by Mitch Kokai
Senior Political Analyst, John Locke Foundation
Portland, Ore., shelled out thousands of taxpayer dollars to a group of homeless people to have them evaluate the city’s new Police Accountability Commission after the city said that its “houseless community” should shape the way cops are disciplined.
Portland’s Police Accountability Commission hired a marketing firm in June and July to hold focus groups with participants from “communities that have been historically underrepresented … or who are vulnerable to police misconduct or discrimination,” according to a commission report. The city held one session at a local homeless shelter, which invited “twenty participants from the houseless community” to provide their “thoughts and ideas about the police” and the city’s disciplinary policies for law enforcement officers. Each participant received a $200 gift card, meaning the city paid at least $4,000 to hold the focus group at the homeless shelter.
The revelation provides a window into how Portland and other left-wing cities are working to make “systemic changes” to their police discipline policies in the wake of George Floyd’s death. At the height of the Black Lives Matter movement in 2020, Portland voters approved a ballot measure to establish a new Police Accountability Commission, which has spent nearly two years designing a new system to replace the city’s police review board. The new board will have broad power to subpoena police records, investigate police conduct, and discipline officers.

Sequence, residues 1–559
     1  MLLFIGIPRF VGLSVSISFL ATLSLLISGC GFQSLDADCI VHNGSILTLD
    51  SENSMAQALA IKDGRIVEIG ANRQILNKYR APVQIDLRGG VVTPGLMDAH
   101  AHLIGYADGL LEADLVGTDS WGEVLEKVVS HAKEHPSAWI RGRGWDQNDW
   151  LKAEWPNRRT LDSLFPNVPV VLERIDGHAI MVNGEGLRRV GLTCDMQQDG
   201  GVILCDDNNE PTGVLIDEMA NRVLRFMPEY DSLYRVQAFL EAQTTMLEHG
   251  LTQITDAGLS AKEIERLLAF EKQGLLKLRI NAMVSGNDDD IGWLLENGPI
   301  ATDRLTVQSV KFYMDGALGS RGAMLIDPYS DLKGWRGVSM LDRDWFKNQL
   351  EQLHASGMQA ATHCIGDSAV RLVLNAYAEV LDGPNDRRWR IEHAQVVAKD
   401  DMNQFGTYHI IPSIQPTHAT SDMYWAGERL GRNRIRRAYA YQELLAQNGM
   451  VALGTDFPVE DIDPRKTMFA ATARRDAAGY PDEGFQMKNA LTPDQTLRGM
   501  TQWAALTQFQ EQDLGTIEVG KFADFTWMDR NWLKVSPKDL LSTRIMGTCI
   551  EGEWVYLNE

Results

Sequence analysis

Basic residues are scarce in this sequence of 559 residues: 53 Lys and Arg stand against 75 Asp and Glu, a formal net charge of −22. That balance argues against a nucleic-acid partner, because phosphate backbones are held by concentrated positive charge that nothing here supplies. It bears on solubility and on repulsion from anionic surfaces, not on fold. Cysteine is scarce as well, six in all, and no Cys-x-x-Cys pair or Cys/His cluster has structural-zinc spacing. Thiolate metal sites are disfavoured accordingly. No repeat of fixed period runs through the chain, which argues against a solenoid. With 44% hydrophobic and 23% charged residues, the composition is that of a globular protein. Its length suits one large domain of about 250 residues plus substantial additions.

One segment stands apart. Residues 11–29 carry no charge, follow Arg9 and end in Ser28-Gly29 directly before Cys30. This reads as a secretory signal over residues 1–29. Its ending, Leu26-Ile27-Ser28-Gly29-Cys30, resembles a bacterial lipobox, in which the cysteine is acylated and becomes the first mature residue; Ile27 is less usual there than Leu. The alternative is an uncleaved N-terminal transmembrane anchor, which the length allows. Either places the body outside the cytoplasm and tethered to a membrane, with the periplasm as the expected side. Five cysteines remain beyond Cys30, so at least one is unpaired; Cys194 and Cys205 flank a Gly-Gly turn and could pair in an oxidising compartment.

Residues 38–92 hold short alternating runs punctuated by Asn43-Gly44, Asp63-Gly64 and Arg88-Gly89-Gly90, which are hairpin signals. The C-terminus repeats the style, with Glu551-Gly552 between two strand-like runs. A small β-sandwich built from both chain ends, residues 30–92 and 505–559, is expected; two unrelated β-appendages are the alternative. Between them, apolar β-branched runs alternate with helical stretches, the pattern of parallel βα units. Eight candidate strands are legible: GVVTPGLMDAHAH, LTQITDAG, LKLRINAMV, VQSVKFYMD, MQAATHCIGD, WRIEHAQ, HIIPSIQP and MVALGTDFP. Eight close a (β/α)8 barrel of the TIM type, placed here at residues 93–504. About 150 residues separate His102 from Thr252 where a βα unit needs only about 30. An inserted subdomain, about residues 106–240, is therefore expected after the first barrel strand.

Law enforcement veterans are barred from serving on the board, as are their immediate family members. The city is shelling out thousands of dollars, however, to receive feedback from law enforcement opponents. In addition to the homeless group, the city sought out focus group participants who have a “history of working with over-policed communities,” as well as “equity practitioners” and “anyone who has witnessed or experienced police misconduct.”